‘Lest we forget’

Staff photo by Clay Schuldt A World War I speaker series continued Thursday night with a presentation from Bethel University historian Christopher Gehrz “Lest We Forget: WWI Memorials.”

NEW ULM — A World War I speaker series continued Thursday night with a presentation from Bethel University historian Christopher Gehrz “Lest We Forget: WWI Memorials.”

The phrase “Lest We Forget” appears on many WWI memorials, Gehrz said. It’s a promise to remember those lost in the war, but a hard vow to keep. WWI happened more than 100 years ago. WWI veterans have died, leaving no one to speak for them.

“Things are fading into the distance,” Gehrz said.

Memorials for WWI were designed to catch the viewer’s attention, but these days they are easy to miss. The purpose of his presentation was to help people recognize the structure and symbols of the memorials.

Gehrz has visited dozens of memorials in Europe and across Minnesota. Memorials vary from country to country and focus on different themes depending on they were erected.

Some of the earliest memorials were built near the front lines of the war. Soldiers were buried almost immediately after being killed.

The families of American soldiers killed overseas were faced with a difficult choice on whether to disinter their loved one and have the body shipped back home or leave them buried overseas.

Throughout the 1920s, the U.S. government funded trips overseas to allow Americans to visit the graves of their fallen family members. Special houses were built near these cemeteries for visiting Americans. Several of these houses still stand in France today and are used by the cemetery caretaker.

At battlefield cemeteries, individual grave markers were not often possible. A single marker could represent as many as four soldiers, and the graves were rarely spaced in even lines.

In many WWI cemeteries, the most common flower is the poppy. During the war, continuous bombing disturbed the soil around battlefields and promoted the rapid growth of poppies. The poppy quickly became a method of remember the war. The poem “In Flanders Fields” written by Major John McCrae immortalized the poppy’s connection with war. The poem is frequently seen at WWI memorials including the memorial in New Ulm.

Gehrz showed photos of New Ulm’s WWI memorial in the city cemetery. The memorial features a WWI statue commonly called “The Doughboy.” The Doughboy statue was an extremely popular form of memorial. Gehrz said identical statues are located all over the country, as they were mass-produced and designed to represent the typical WWI soldier.

Not long after the war, many artists grew tired of the military-themed memorials. By 1919, many called for new types of memorials that paid tribute to democracy.

In Minneapolis, the Victory Memorial Drive was created as a living memorial. The road is part of the memorial. Each of the trees planted along the route represent a Hennepin County citizen lost in the war.

Minnesota originally built the Memorial Stadium at the University of Minnesota as a WWI memorial. The front gate to the Memorial Stadium was incorporated into the new TCF Bank Stadium.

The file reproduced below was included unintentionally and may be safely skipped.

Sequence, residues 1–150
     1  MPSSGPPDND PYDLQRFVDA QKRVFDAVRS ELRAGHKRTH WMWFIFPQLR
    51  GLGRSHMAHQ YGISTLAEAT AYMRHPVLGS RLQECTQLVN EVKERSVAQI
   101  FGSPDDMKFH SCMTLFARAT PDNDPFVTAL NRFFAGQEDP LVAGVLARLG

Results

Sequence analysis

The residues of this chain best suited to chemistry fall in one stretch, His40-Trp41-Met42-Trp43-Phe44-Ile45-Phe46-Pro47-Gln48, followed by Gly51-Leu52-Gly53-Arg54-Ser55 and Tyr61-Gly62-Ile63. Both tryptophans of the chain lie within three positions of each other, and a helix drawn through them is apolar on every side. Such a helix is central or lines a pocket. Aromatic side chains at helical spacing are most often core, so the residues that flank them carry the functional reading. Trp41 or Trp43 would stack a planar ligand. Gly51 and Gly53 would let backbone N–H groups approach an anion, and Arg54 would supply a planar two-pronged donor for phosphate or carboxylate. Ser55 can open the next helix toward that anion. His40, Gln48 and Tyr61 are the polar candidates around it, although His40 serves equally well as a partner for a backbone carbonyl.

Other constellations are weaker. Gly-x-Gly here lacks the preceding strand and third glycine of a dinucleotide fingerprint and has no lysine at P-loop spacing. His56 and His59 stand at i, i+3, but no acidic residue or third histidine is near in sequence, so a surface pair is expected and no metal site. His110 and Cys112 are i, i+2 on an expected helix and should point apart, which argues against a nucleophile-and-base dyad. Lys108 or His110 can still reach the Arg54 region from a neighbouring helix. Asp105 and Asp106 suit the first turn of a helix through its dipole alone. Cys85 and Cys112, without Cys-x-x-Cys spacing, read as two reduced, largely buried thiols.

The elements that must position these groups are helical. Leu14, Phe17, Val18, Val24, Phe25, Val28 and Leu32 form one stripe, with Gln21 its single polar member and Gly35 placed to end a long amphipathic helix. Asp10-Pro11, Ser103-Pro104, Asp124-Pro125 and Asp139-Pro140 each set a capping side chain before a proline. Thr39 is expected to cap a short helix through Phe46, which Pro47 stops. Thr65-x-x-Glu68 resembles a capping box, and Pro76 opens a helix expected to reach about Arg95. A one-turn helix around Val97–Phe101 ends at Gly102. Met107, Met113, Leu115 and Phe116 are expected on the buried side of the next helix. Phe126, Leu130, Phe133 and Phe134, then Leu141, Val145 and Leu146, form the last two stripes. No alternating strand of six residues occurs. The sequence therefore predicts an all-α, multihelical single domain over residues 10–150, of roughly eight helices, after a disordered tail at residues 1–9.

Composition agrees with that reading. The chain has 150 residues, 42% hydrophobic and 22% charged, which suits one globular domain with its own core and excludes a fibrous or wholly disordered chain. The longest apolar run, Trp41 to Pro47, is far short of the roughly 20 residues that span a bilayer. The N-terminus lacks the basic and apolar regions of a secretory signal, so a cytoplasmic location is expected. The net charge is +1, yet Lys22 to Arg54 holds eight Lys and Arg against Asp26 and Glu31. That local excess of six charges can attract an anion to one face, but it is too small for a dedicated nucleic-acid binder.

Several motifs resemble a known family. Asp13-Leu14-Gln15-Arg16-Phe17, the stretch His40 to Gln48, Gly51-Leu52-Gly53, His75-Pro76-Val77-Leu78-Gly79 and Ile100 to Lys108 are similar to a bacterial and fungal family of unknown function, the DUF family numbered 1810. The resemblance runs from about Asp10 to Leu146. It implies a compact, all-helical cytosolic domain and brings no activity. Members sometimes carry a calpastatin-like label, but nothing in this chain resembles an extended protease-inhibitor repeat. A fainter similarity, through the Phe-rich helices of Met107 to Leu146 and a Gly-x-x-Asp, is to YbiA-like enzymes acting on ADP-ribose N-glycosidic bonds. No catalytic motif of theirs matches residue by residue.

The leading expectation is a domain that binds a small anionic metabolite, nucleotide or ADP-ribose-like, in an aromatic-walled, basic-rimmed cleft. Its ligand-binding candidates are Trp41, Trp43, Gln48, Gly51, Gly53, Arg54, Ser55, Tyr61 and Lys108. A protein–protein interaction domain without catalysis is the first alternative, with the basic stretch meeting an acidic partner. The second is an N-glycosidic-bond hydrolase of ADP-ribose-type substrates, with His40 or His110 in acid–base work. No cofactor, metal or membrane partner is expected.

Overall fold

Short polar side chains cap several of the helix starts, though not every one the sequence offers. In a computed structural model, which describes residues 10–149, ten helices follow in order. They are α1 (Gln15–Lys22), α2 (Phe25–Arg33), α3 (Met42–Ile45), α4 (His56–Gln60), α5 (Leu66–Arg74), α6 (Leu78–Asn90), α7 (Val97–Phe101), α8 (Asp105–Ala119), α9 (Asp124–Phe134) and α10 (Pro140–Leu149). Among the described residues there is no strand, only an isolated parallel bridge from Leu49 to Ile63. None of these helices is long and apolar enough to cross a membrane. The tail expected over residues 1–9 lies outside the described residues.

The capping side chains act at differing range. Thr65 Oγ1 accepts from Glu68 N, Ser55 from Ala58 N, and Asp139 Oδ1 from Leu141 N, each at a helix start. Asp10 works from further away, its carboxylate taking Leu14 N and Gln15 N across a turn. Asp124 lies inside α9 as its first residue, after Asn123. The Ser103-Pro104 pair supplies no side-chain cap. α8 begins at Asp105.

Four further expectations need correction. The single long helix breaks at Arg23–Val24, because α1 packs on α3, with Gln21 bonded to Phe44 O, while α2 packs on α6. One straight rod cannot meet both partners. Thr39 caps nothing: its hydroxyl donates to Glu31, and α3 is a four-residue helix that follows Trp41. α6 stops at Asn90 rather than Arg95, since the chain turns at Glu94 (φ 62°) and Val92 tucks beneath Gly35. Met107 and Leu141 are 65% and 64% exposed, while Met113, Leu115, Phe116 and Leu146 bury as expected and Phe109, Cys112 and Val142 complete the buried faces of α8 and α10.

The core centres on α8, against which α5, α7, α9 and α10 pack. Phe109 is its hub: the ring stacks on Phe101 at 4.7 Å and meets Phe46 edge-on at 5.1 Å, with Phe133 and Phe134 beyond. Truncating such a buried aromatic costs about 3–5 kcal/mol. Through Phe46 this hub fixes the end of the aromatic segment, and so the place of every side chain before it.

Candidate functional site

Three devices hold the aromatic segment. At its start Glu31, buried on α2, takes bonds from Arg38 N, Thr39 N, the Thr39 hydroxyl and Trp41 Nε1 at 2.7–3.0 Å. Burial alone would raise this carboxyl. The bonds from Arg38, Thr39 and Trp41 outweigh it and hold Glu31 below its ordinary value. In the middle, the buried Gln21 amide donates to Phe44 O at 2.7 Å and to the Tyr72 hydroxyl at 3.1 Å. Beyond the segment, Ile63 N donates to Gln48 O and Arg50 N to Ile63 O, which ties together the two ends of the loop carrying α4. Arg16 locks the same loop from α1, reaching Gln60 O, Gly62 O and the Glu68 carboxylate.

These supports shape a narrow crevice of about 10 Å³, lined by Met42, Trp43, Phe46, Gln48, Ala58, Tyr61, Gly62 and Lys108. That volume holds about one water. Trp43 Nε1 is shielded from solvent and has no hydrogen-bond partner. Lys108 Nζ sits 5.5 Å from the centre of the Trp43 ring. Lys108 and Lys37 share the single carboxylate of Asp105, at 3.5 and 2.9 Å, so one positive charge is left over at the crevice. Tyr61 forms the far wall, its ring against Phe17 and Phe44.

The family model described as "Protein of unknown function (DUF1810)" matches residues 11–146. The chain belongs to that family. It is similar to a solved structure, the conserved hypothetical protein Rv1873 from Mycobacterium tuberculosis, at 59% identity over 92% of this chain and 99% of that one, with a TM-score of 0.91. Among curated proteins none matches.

Gehrz said one of the most moving WWI memorials is located in a German military cemetery in Langemark, Belgium. Allied nations refused to allow German cemeteries in their countries to promote military themes and erect large memorials. As a result, the Langemark cemetery contains a series of flat stones. To access the cemetery, visitors must cross a moat surrounding the site.

This month represents the 100 anniversary of the U.S. entry into the war, and many Americans are trying to honor the soldiers that fought in it. Gehrz said plans are underway to build an official WWI memorial in Washington, D.C. At this time, there is no official WWI memorial, with the exception of a statue, Black Jack Pershing in Pershing Park. Pershing Park will likely be the location of the national memorial, but funding is limited.

Gehrz said questions over interpretation continue to be an issue for new memorials. After the presentation, Gehrz was asked if he encountered any memorials that recognized the treatment of black soldiers fighting in WWI.

Gehrz said he encounter no memorials referencing the sacrifice of black soldiers, but acknowledged it was a serious issue at the time. During the first WWI, the U.S. Army was still segregated. For many black soldiers, it was difficult to fight overseas while at home lynchings were an all too common practice.

The continued maintenance of memorials is another struggle. The war began over 100 years ago, and many of the memorials are reaching the same age. Upkeep is a growing concern. The trees at Victory Memorial Drive in Minneapolis needed to be replaced as they died off.

Gehrz described these memorials as important reminders of the past. No matter how far we move away and how easy it is for Americans to be indifferent to history, the memorials ensure we do not forget.

The WWI speaking series began this month in honor of the 100 anniversary of the U.S. entry into WWI. The Brown County Historical Society has created a new exhibit, “Loyalty and Dissent,” which will open in May. Private VIP tours are scheduled for Thursday, May 4. A tour for Historic Society members is scheduled for Friday, May 5, and the exhibit opens to the public on May 6.


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